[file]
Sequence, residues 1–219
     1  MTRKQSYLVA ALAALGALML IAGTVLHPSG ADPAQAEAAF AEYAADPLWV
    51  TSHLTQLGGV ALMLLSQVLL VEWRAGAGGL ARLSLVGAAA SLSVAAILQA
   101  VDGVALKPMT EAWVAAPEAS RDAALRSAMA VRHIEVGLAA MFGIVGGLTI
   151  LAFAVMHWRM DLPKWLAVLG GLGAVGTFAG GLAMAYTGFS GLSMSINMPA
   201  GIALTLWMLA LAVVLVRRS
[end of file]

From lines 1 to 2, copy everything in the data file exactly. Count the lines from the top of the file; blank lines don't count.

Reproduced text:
Sequence, residues 1–219
     1  MTRKQSYLVA ALAALGALML IAGTVLHPSG ADPAQAEAAF AEYAADPLWV